Life Skills Development/Unit One/Introduction

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How this Course is structured

This Course is arranged according to the six major themes. The headings indicate information and assistance for the facilitators who are delivering the Life Skills Training. It is important that the order be followed in order to ensure that the programme is understood in its entirety and for the greatest increase in overall growth and development.

The course content

The course content is broken down into five units based on the themes. Each unit is divided into several sections. Each section comprises:

  • Rationale
  • Outcomes;
  • Definitions;
  • Core content of the section with a variety of learning activities;
  • Assignments and/or assessments, as applicable.
  • A summary of the section.

Course overview

Introduction to the Programme

The United Nations Inter-Agency Meeting in April 1998 generated a broad definition of Life Skills education:

“Life Skills education is designed to facilitate the practice and reinforcement of psychosocial skills in a culturally and developmentally appropriate way; it contributes to the promotion of personal and social development, in the prevention of health and social problems, and the protection of human rights.”

The Life Skills Development programme is to focus on three (3) broad areas, which require the internalisation of knowledge, skills, attitudes and values into the self and daily practice. Therefore didactic lecturing will not achieve these practical and reflective ends (Chriest and Maher 2001):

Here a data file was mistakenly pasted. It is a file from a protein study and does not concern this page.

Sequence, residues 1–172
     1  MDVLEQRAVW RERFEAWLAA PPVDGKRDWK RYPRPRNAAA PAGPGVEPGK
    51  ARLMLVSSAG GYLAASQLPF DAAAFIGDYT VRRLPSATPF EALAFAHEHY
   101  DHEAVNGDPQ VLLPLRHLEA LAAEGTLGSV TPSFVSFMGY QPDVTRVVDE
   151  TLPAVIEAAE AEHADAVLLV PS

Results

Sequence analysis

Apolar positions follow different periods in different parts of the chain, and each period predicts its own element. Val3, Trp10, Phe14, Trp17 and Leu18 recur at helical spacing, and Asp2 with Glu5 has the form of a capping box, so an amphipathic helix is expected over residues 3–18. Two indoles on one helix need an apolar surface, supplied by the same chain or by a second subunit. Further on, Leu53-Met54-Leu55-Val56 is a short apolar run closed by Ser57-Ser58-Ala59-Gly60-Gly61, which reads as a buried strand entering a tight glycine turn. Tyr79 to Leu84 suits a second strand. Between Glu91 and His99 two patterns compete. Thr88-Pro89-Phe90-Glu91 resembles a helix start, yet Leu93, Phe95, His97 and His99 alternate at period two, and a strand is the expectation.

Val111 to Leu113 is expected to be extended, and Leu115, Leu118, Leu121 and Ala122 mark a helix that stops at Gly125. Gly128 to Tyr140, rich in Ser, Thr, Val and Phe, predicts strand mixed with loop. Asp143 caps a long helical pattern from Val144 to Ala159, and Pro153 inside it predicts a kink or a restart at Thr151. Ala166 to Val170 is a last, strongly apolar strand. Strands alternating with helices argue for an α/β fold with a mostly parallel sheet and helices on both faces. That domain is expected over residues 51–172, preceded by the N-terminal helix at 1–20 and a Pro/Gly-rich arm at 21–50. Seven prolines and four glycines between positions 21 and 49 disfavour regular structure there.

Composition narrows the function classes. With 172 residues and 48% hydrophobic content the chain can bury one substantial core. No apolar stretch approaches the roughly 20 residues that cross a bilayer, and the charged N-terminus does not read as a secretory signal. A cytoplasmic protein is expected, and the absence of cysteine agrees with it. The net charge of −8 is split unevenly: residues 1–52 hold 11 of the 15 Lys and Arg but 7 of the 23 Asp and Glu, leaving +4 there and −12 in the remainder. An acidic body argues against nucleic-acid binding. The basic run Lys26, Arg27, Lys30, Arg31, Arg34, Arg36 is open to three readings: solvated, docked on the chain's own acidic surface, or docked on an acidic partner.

• Psychosocial Skills – intra and inter-personal;
  • Societal Skills;
  • Occupational and Livelihood Skills.

Life Skills act as a link between motivating factors – the knowledge of positive behaviours - and action - behaviour change. Life Skills therefore create the capacity and will to choose and implement the desired choices. In both the short term and the long term, life skills translate knowledge of what to do, into how to do it and provide the enabling factors for doing it (Duggan, 2003). Life Skills encourage the development of a core set of skills across cultures and settings. Life Skills also promotes the development of the ideal Caribbean Person, who displays respect for human life, an appreciation of family and community values, moral issues and has an informed respect for our cultural heritage.

The didactic approach is inadequate to facilitate the sustainability of positive behaviours, the internalisation and development of life skills among the trainees. The teacher roles for such engaged learning is facilitator; guide, co-learner and co-investigator while the trainee roles encompass explorer, cognitive apprentice and producers of knowledge (Jones, 1994).